CANADA FX DEBT-C$ slips to two-week low as greenback rallies

Tue Jun 23, 2015 9:47am EDT
 
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* Canadian dollar at C$1.2372 or 80.83 U.S. cents
    * Bond prices mostly lower across the maturity curve

    TORONTO, June 23 (Reuters) - The Canadian dollar weakened to
about a two-week low against the U.S. dollar on Tuesday,
pressured by a rallying greenback and a slide in prices for
crude oil, a major Canadian export.
    The U.S. dollar climbed to its highest level in more than
1-1/2 weeks against a basket of currencies as U.S. Treasury
yields made gains across the board.
    With no Canadian economic data to drive the market this
week, the loonie's direction will continue to be dictated by
external forces.
    
    
    * At 9:28 a.m. EDT (1328 GMT), the Canadian dollar 
was trading at C$1.2372 to the greenback, or 80.83 U.S. cents,
softer than the Bank of Canada's official close of C$1.2326, or
81.13 U.S. cents, on Monday.
    * The Canadian dollar had traded between C$1.2309 and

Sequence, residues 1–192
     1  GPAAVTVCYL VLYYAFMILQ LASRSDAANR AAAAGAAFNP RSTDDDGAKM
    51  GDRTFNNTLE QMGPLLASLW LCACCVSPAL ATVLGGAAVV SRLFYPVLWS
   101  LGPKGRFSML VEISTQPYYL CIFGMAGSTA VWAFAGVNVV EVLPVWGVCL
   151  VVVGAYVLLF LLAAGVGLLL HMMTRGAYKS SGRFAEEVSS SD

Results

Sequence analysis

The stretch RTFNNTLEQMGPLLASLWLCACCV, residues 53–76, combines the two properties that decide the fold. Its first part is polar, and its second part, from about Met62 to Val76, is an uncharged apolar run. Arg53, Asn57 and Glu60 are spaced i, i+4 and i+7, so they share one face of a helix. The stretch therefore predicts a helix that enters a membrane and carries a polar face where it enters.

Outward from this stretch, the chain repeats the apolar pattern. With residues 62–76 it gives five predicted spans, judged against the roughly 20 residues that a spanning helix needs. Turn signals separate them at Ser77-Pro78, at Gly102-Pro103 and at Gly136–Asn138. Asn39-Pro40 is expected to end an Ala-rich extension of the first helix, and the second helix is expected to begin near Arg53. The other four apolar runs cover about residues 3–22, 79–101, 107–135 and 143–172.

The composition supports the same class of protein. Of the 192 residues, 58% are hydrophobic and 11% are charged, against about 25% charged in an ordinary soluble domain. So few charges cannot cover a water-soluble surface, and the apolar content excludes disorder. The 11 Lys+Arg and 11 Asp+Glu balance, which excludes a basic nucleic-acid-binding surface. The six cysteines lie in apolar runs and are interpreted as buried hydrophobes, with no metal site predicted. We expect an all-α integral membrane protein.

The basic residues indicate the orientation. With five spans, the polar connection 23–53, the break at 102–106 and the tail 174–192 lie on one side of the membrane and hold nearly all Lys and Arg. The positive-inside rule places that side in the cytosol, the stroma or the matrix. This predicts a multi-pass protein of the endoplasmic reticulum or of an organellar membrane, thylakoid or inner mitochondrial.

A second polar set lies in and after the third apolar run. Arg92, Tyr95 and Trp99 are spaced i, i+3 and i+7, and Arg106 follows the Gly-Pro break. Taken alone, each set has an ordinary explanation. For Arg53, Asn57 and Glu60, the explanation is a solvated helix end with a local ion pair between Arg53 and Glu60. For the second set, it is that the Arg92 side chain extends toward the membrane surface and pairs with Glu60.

C$1.2383 so far in the session.
    * A gauge of U.S. business investment spending plans rose in
May, offering a tentative sign of stabilization in a sector that
had weakened since last summer. Figures were nonetheless weaker
than economists had anticipated. 
    * In oil markets, optimism that a deal will be reached
between Greece and its creditors was offset by the stronger
greenback and expectations for a global crude surplus. U.S.
crude was down 1.16 percent at $59.68 a barrel, while
Brent crude lost 0.69 percent to $62.9. 
    * The Canadian dollar, which was still stronger than many of
its key currency counterparts despite its weakness against the
greenback, was expected to trade between C$1.2310 and C$1.2400
on Tuesday, according to National Bank Financial.
    * Canadian government bond prices were mostly lower across
the maturity curve, with the two-year price down 1.5
Canadian cents to yield 0.631 percent and the benchmark 10-year
 falling 45 Canadian cents to yield 1.854 percent.
    * The Canada-U.S. two-year bond spread was -5.5 basis
points, while the 10-year spread was -57.2 basis points.

 (Reporting by Solarina Ho; Editing by Peter Galloway)